Finding family in the internet age: Boom or bust?


Lynne Melcombe
Focus on Adoption magazine

The Internet is everywhere. Toddlers can play games on it, and schools have made it an integral aspect of computer literacy. there is a growing need to improve child, youth, and parental literacy about social networking, and nowhere is this truer than in the adoption community. On one hand, social networking sites can be a boon to adoption workers seeking family members for waiting children. Yet, many members of the adoption constellation — particularly teens and their families — are experiencing ramifications of re-opening contact in an unmanaged way.

To address this, the British Association for Adoption and Fostering (BAAF) has published two new guides: Facing Up to Facebook: A Survival Guide for Adoptive Families and Social Networking and Contact: How Social Workers can Help Adoptive Families.

In a caring yet dispassionate writing style, author Eileen Fursland:

  • Offers a plain-language glossary of social networking jargon.
  • Reviews how normal developmental tasks can manifest in adopted children.
  • Discusses why normal developmental stages an lead adopted children into secretive online searches.
  • Outlines some of the trauma that can befall children who find their birth families very quickly online, and without the usual safeguards.
  • Talks about why such unplanned contact can be unsettling for and unwanted by birth families, too.
  • Delves into the Internet dangers to which adopted children, especially those with attachment issues, can be particularly vulnerable.

More importantly, Fursland provides suggestions to help parents guide their children out of the tangled web that Internet contact can lead them into, and outlines some of the things parents can do to minimize the risk to their children from the moment they bring them home (see sidebar).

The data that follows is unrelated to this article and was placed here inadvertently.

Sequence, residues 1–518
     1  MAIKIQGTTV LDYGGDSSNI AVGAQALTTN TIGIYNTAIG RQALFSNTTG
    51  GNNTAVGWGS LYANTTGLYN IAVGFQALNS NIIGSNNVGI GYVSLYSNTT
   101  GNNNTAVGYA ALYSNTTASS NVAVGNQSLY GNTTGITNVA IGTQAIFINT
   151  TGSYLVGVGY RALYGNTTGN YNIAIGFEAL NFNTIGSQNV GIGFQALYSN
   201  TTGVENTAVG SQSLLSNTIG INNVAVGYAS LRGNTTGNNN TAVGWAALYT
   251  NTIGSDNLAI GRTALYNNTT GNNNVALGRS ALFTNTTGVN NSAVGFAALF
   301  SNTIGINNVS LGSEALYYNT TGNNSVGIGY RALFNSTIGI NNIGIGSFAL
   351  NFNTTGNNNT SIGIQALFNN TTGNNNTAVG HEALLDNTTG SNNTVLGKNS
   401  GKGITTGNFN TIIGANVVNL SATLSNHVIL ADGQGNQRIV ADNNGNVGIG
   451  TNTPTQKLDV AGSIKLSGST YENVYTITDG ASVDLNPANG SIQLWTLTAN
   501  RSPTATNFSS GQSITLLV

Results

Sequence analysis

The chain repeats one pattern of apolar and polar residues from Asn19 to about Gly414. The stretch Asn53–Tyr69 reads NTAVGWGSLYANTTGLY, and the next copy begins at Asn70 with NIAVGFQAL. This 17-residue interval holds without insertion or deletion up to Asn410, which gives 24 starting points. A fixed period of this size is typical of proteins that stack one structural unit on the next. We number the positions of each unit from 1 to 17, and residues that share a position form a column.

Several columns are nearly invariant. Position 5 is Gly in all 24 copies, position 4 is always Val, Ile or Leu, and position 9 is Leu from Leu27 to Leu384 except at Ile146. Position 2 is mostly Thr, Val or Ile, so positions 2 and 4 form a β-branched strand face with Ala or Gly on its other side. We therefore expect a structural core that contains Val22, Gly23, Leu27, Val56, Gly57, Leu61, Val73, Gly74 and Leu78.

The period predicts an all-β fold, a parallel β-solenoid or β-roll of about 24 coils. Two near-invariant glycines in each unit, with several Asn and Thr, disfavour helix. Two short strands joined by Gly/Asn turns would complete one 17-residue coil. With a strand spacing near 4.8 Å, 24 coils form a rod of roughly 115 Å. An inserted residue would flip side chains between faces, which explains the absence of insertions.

Social networking can be a powerful tool to help adopted children reconnect with birth families. But, as is often the case, the law and public policy have not yet caught up with technology. Until it does, it falls to parents to understand the ramifications of unmediated contact and protect their children.

Sources: Facing Up to Facebook: A Survival Guide for Adoptive Families and Social Networking and Contact: How Social Workers can Help Adoptive Families are available in the AFABC library.

Social networking do’s and don’ts for adoptive families

1. Don’t make the Internet off limits. The Internet is at school, the library, at friends’ houses, on mobile phones, so too many restrictions will more likely lead to secrecy than safety.

2. Do provide children with information. Knowing about their birth families often staves off their desire to meet family members until they’re older and more emotionally prepared.

3. Do tell the truth, even if it will hurt. It’s better that children hear hurtful information from you in managed circumstances than via Facebook.

4. Do guard personal information, like the child’s original surname, closely. It can only take minutes for an angry parent ,who lost their child involuntarily, to track your child down through Facebook.

5. Don’t post photos of your child on Facebook. Ask others not to post photos with your child in them. Don’t allow your child to be tagged in photos. Consider how school photos will be used.

6. If you are at the beginning of an open adoption, do consider restricting birth parents to annual access through photos in the adoption worker’s office. You can also provide drawings or footprints as keepsakes.

7. Do watch for behavioural changes. All teens have mood swings, but in the Facebook era, one reason for an adopted teen’s moodiness can be that s/he has contacted birth family and it’s not going well.

8. Do report problems with a social networking site to their head office rather than through their regular complaints channels. These sites tend to be unaware of their potential impact on adoptive children and families. Frontline workers simply follow rules. If you want results, be prepared to go up the ladder.